How is Ayn Rand elitist?

In a recent Christian Science Monitor opinion piece, sociologist and author Vladimir Shlapentokh asks, “How is elitist Ayn Rand a tea party hero?”  The real question should be instead, “How is Ayn Rand elitist?”  I am no Rand scholar, but a cursory look at Atlas Shrugged clearly vindicates her as a logical champion for “anti-elitist” Tea Party circles.

Although Rand’s protagonists are rich corporate tycoons, they are not elites in the sense that Democrats and liberals love to invoke today.  Rand crafts her heroes as being personally competent.  They are geniuses, honest, strong, and dedicated laborers to boot.  But they lack the social capital that brings power in their society.  The villains Rand casts opposite them are the real elites, leveraging their positions in or connections to government better than anyone else.  The bleeding hearts invoke guilt, the flunkies shamelessly beg, the ruthless politicos live by extortion, and the megalomaniacs wrangle for military power.  All of these villainous types must get what they want by spinning reality, kissing up, or trading favors.  And by contrast, the book’s heroes trade their labor with a cold dignity that stems from honest appraisals of material scarcity and the productive value of their fellow men.

The heroes of Atlas are left-brained people living in a world run by the right-brained.  They are engineering and hard science majors that want to be free of the unsavory affairs of the communications majors that rule over them.  Essentially, Atlas is a nerd-liberation manifesto overthrowing the urbane and the charismatic in favor of the earnest and the awkward.  And those are the folks that are the rank-and-file of the Tea Party.

Truth, Justice and the American Weigh

A spike in news reporting on the Tea Party movement came with the passing of tax day earlier this month.  Orbiting around this media meme of course were various references to talk radio and certain polarizing cable news channels.  Time and again my attention returned to the contentious issue of media bias.  There is so little that can be widely agreed upon as a basis of conversation.  Does media bias even exist?  Is it desirable or to be avoided?

NPR’s All Things Considered ran a story last Friday featuring perspectives on three news organizations in Atlanta.  It was refreshing to hear mainstream media report with some candor on the nature of news gathering itself.  I found myself in basic agreement with the proprietor of the Atlanta Progressive News as he identified the corporate bias of big media, characterized reporters’ single-handed attempts to be the “arbiter” of truth as “arrogant,” and asserted that trust can only be built if news gatherers admit their biases.  This all stands in contrast with traditional notions of down-the-line objectivity that such a mainstream media staple as CNN, which Politico recently reported on, attempt to maintain.  But if the news business resembles anything like a marketplace of ideas, the old “dinosaur” media as Hugh Hewitt calls them are finally succumbing to leaner, meaner, and wholly worthy competition.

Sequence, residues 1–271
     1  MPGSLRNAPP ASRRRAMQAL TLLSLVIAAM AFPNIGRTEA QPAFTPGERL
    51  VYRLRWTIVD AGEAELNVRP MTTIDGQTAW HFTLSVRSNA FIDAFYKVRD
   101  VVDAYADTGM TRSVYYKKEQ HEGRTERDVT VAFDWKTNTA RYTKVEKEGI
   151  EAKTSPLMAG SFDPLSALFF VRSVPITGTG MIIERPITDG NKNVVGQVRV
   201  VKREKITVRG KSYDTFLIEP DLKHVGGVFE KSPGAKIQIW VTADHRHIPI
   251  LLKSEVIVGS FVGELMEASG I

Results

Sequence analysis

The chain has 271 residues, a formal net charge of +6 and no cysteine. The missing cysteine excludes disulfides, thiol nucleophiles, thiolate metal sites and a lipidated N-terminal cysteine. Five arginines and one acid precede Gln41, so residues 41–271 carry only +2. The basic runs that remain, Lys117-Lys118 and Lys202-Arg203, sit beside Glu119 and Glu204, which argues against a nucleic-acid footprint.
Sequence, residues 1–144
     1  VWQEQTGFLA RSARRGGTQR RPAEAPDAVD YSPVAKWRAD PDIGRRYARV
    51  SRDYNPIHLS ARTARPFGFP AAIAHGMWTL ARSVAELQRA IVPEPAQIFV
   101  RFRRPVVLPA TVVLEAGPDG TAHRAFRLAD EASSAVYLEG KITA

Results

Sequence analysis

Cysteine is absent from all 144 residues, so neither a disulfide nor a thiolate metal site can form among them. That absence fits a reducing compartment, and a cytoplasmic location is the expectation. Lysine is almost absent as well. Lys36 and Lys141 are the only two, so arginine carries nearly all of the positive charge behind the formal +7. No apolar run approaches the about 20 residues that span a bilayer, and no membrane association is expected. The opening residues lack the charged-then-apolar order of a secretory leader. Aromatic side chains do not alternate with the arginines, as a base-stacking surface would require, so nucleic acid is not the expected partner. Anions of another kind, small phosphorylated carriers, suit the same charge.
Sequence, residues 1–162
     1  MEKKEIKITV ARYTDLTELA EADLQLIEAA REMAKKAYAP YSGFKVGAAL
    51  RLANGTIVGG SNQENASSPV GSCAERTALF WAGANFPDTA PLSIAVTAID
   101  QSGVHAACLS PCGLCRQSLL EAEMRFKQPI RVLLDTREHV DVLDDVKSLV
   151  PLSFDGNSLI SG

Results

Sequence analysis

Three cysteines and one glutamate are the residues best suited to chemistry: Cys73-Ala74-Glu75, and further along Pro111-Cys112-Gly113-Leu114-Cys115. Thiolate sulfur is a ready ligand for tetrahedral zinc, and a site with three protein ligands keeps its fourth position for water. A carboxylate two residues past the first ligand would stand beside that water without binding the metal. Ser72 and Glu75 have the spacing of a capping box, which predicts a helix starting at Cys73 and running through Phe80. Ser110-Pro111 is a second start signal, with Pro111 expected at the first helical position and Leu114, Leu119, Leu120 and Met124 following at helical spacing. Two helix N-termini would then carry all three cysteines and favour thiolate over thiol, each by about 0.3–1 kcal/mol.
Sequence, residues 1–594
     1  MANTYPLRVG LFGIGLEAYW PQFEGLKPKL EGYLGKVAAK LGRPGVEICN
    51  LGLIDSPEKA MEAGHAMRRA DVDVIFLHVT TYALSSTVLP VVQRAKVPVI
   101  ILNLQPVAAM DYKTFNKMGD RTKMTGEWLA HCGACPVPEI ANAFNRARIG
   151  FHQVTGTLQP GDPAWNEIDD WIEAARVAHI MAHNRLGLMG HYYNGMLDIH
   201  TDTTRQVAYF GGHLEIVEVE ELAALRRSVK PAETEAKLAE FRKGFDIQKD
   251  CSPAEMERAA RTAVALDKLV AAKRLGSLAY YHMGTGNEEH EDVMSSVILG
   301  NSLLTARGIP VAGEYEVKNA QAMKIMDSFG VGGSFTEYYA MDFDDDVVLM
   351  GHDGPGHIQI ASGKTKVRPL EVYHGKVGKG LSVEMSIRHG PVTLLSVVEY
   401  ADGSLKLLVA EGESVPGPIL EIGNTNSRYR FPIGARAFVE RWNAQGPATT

Why should we welcome the likes of FOX News, talk radio, devolved blogs, and the host of other aggressively biased reporters and commentators?  Contrary to late, platitudinous naysaying that the climate of our national dialog has taken a marked turn toward the uncivil, America has thrived under a long and continuous tradition of rancorously competitive news reporting.  Ad hominem slanders that would put current reporting flaps to shame were the staple of the nation’s earliest newspapers.  For decades, papers openly supporting one party or the other competed for readership in the cities they shared.  The conscious cultivation of the objective, altruistic “Voice of God” was something of an artifact of the twentieth century.  In the popular imagination, this was best exemplified by the earnest, selfless comic book superhero-reporters Clark Kent and Peter Parker.  As commendable as these paragons of integrity have been, they betray an all-too-simplistic popular culture conception of the relationship between news gathering, facts, and the truth.  If only real-life villains were always rich men and military brass with a penchant for violently vibrant spandex outfits!  This leaves no mention of scientists, the other revered revealers of truth, which will have to follow up in another entry.

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